Clint Bowyer has been in a downward trend over the last few weeks a direction he hopes to end in Saturday night’s Quaker State 400 at Kentucky Speedway.
Bowyer comes to Kentucky after a rough day last week in Daytona when he was involved in an accident after making contact with Austin Dillon battling for the lead. The incident triggered what ended up to be a 17-car accident and left Bowyer with 34th-place finish.
It was the third time in the last four races Bowyer ended up 30th or worst, a stretch that has dropped him to 15th in the Monster Energy NASCAR Cup Series point standings just one point ahead of Ryan Newman for the final playoff berth.
Bowyer and his Stewart-Haas Racing team remains winless so far in 2019 and head to Kentucky, a track where the organization has never won in the Cup Series. Bowyer’s goal is to erase both deficits.
“We’d like to check that box off our list,” Bowyer said. “That’s a significant accomplishment. As competitive as this series is, to have won at every track is pretty rare. That’s a testament to the quality of work done back at our shop and the drivers who’ve driven these cars over the years.”
Bowyer will have to up his performance at Kentucky so far in his career to accomplish the goal of finding Victory Lane. He has just one top-five finish in eight Cup starts at the 1.5-mile track.
“Kentucky is a very tricky track,” Bowyer said. “It’s very fast. It’s very unique in the sense that both ends of the track are very different. The entrance to turn three is what sticks out to me when you think of Kentucky. That turn is so deceiving, and it entices you to drive in way too deep. That’s because it’s so flat that the car wants to get really loose getting in there.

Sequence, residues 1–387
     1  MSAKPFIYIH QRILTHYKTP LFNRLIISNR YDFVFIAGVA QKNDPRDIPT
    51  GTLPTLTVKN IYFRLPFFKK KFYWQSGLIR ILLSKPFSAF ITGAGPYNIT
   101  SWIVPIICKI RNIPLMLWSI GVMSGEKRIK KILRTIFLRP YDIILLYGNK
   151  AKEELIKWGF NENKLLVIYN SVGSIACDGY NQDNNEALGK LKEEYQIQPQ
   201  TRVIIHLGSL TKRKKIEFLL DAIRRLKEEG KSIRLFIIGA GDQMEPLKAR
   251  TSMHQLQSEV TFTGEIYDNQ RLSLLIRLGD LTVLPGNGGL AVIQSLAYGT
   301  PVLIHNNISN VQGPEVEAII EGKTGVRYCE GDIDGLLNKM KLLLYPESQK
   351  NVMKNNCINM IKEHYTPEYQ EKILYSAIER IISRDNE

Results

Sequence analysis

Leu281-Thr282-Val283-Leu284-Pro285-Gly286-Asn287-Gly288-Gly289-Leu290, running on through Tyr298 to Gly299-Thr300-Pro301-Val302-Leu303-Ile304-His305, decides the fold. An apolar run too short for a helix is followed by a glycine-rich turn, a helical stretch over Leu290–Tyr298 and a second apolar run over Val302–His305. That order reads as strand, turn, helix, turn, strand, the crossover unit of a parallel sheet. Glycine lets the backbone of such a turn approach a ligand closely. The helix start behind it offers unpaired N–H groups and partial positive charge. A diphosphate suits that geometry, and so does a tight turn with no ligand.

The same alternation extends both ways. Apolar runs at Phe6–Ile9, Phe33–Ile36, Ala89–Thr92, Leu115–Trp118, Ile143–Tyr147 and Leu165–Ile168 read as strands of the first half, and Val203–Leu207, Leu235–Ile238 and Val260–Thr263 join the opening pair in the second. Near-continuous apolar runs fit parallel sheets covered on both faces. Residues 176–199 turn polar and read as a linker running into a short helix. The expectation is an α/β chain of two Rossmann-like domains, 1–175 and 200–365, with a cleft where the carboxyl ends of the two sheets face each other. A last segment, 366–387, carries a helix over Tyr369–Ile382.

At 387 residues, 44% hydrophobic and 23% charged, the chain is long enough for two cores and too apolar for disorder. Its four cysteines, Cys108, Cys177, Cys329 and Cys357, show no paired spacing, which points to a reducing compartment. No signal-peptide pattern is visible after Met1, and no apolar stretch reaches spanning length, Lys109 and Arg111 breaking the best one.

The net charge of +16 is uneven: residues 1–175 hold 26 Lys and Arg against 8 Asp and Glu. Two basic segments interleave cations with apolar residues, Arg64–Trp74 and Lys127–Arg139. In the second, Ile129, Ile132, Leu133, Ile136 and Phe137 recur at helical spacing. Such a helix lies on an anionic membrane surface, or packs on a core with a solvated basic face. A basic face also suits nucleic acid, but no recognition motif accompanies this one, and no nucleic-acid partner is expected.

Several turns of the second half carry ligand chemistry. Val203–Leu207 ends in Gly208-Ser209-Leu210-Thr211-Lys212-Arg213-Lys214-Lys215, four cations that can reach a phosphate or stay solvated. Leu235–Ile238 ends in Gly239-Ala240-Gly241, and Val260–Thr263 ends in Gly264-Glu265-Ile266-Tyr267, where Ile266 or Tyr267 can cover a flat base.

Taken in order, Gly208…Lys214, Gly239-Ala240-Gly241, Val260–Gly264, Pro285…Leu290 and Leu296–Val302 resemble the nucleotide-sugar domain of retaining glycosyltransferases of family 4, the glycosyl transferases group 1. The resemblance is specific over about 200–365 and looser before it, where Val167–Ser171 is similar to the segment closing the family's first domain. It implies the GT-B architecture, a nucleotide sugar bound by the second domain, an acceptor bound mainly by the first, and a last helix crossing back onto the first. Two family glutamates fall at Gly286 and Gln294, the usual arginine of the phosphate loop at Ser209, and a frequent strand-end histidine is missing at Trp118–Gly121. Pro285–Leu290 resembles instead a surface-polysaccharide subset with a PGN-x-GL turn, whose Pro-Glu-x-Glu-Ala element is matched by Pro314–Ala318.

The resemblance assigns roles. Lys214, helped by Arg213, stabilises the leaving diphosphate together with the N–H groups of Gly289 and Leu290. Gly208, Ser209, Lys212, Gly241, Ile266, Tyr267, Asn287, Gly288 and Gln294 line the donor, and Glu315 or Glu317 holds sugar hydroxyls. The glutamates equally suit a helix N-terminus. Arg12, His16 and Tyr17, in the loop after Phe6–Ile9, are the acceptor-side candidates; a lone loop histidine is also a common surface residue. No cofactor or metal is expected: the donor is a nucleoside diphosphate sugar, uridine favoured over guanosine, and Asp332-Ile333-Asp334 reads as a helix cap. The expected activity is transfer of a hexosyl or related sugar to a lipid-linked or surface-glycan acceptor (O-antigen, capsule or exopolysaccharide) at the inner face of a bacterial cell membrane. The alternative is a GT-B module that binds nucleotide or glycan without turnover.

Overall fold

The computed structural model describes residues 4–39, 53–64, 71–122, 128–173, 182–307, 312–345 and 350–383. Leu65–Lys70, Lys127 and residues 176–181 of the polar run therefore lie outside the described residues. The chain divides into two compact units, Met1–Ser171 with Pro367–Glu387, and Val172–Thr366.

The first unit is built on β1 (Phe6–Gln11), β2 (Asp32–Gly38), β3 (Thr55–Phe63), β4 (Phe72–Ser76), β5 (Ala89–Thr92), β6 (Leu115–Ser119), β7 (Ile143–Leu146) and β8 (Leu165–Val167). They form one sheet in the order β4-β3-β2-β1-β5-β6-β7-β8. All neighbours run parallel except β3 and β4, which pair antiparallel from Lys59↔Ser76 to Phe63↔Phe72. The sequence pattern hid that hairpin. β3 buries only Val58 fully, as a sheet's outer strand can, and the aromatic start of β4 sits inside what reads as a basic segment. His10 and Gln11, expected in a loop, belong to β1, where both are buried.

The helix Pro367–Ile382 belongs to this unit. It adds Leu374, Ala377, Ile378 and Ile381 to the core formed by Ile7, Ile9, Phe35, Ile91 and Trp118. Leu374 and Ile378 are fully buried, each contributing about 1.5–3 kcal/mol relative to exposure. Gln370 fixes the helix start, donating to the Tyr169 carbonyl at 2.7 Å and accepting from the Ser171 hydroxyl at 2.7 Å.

“All of a sudden you’ve got to really slow it down, and the exit opens up a lot into that dogleg. You carry a tremendous amount of speed through turns one and two, which is what gets you into trouble going into turn three.”
What has compounded the difficulty of Kentucky for many drivers including Bowyer is the track’s repave and reconfiguration in 2016. It continues to be a work in progress but one Bowyer believes will improve as time rolls on.
“The brutal honesty of a repave is, for whatever reason, the first race after the repave is always the worst race,” Bowyer said.
“It gets better each race afterward. The grip level is so high and you are going so fast, it’s a challenge to create side-by-side racing with a lot of passes. The silver lining is it’s only going to get better from now on.”